Energy storage is an increasingly critical component of modern technology, with applications that include energy infrastructure, transportation systems, and portable electronics. Improvements to Lithium-ion battery energy/power density through the adoption of silicon anodes-promising both gravimetric and volumetric capacities that far exceed traditional carbon-based anodes-has been limited by ~300% strains and poor coulombic efficiency during charge and discharge ((dis)charge) cycling which result in short operational lifetimes. We examine encapsulated micropore-modified silicon anodes that define lithium mass-transfer dynamics to constrain strain evolution and improve capacity retention during (dis)charge cycling. Fully integrated cells incorporating this silicon anode and a commercial grade LiCoO2 cathode maintain their capacity for 110 cycles with >99% average coulombic efficiency from cycles 5 to 100. Anodes with thicknesses up to 50 μm resulted in area-normalized capacities of up to 12.7 mAhcm-2. When the silicon anode microstructure pitch is varied, a direct relationship is found to exist between the rate capability and volumetric capacity of the anode. Helium-ion Microscopy, Secondary Ion Mass Spectrometry, and Scanning Electron Microscopy, used as ex-situ characterization methods for the evolution of the electrode's structure on cycling, reveal significant changes in nanoscale morphology that otherwise retain the essential laminate micropore motif of the initial Si anode.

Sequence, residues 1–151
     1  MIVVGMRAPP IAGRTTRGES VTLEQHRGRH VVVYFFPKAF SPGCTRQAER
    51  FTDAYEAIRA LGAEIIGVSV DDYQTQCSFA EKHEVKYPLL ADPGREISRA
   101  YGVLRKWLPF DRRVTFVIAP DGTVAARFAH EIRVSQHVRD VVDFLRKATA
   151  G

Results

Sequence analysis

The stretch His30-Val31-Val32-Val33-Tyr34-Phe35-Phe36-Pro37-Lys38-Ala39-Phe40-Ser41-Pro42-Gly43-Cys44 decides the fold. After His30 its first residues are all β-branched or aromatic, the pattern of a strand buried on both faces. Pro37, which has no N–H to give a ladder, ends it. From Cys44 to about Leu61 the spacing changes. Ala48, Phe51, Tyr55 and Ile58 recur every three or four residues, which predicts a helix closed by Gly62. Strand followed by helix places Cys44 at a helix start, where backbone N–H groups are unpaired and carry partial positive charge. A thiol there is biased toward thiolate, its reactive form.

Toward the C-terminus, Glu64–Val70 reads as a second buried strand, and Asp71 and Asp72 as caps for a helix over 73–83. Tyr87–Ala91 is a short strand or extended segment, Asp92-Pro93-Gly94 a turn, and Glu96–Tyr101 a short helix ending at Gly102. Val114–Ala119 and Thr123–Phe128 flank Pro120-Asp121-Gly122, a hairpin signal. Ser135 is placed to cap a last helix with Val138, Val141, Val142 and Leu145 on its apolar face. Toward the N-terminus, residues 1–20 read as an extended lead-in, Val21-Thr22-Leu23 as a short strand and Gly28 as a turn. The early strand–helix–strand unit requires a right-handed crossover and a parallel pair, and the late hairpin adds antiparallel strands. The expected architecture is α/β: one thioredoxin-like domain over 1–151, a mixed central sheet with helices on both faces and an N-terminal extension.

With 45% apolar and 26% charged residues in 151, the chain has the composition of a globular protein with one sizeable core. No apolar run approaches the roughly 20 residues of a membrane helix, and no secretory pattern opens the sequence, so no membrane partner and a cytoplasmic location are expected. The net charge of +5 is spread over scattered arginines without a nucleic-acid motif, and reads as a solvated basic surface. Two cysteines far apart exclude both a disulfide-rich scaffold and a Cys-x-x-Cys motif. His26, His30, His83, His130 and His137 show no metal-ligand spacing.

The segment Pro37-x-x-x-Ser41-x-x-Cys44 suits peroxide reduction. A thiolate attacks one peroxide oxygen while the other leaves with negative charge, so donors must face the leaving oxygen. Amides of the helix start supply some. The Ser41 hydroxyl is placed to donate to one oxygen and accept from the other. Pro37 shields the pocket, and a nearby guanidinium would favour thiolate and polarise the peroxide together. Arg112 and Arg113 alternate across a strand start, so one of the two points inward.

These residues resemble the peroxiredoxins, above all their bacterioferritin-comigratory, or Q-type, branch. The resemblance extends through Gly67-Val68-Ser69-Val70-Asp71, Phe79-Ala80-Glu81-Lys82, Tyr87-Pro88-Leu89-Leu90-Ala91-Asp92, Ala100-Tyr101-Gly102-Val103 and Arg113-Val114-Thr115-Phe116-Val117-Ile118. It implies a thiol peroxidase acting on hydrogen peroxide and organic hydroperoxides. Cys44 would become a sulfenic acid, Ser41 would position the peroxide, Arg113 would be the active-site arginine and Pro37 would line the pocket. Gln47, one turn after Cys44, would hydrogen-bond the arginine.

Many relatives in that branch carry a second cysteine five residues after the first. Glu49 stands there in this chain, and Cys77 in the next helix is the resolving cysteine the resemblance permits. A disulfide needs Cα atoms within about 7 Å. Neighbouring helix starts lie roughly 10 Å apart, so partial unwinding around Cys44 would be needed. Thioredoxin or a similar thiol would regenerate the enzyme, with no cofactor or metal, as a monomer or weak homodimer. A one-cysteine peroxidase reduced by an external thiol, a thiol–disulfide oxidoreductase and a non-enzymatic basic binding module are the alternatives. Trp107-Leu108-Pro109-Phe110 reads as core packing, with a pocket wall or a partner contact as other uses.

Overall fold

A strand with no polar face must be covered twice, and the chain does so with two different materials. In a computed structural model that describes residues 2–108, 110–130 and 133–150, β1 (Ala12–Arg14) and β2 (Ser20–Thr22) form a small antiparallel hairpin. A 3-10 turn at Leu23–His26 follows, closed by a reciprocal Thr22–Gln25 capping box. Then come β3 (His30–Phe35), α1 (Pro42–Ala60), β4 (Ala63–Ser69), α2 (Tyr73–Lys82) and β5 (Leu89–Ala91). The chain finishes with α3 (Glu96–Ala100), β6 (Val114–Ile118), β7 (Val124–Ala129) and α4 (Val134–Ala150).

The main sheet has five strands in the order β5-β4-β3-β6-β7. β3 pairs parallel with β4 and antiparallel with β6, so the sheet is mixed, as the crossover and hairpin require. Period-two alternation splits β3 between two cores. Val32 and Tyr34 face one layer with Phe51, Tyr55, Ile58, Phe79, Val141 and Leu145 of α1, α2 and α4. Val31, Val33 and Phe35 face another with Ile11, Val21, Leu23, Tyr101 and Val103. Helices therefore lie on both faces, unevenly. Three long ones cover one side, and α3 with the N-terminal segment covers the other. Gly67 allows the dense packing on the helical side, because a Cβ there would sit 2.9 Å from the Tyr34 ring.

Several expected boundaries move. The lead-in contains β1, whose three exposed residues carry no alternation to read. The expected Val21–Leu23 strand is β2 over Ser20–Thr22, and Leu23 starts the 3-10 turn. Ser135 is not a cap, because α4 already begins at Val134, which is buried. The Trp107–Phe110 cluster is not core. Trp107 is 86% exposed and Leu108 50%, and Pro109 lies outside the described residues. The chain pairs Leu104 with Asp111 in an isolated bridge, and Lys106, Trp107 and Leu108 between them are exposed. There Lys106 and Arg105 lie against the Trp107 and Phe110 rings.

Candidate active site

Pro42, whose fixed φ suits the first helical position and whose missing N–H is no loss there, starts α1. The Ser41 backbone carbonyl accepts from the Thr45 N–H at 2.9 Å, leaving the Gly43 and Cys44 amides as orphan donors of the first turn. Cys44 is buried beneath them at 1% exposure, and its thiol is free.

ASJC Scopus subject areas
- Electronic, Optical and Magnetic Materials
- Renewable Energy, Sustainability and the Environment
- Surfaces, Coatings and Films
- Materials Chemistry